Foundation — Once the foundation is established and funded, a board is elected and retains control of the assets and all awards for generations. The foundation hires its employees and manages vendors. There are tax documents that need to be completed as well as state and federal legal requirements to follow. There are professional and investment management fees involved as well as staff requirements. 

Donor advised fund — Control over the funds in a DAF is forfeited once the fund is established. The donor can still suggest grants to worthy organizations and that ability can be transferred for one or possibly two generations. No federal or state tax filings are required; nor is there a separate board or staff. Grants cannot be made to satisfy personal charitable obligations. Currently, there is no requirement for yearly grants.

2. Recognition: A caped crusader or shout-it-from-the-ramparts mission warrior? 

Private foundation
— The foundation is required to file a federal tax form 990 every year that discloses board members, contributions, assets and grantees. The 990 is available to the public and can be accessed at, among other sites.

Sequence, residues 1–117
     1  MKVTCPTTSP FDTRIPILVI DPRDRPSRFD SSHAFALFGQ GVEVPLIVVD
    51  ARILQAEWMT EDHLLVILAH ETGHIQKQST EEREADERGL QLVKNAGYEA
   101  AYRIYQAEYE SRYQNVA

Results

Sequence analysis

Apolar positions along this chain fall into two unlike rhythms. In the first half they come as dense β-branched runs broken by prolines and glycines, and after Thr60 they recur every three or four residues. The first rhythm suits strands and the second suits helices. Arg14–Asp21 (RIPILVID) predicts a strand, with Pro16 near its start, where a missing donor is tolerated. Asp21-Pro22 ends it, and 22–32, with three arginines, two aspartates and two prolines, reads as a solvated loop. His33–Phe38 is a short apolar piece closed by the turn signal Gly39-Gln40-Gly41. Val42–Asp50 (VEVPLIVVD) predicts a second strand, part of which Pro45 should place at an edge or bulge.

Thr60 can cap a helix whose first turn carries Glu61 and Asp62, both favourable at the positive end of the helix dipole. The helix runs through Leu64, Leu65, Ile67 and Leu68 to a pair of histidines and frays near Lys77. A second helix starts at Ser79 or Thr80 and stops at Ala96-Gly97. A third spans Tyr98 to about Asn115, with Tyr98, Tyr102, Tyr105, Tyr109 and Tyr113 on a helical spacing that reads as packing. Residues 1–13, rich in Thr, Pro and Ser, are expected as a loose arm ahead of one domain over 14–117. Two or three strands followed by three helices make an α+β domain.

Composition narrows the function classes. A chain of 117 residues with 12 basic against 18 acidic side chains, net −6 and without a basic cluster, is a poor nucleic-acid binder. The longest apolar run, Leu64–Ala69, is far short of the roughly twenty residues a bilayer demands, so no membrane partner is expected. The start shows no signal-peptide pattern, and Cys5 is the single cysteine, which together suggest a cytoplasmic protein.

Donor advised fund — The donor makes the contribution to the supporting organization and grants may be recommended or advised by the grantor to qualified charities anonymously or labeled with the name of the fund. (i.e. the Healthy Eating Children’s Fund) 

3. Costs: Spare-no-expense personalization or all-inclusive turnkey experience?

Private foundation — There can be significant costs to establish a foundation as well as comply with federal and state requirements. A staff may be needed to operate a foundation. Expenses related to investment management, tax reporting and compliance are involved.

Donor advised fund — The supporting organization will charge a quarterly fee from the balance of the fund to operate the DAF, which generally includes investment management, distributions to charitable organizations and statements. Usually, the donor will pay no ongoing fees out of pocket.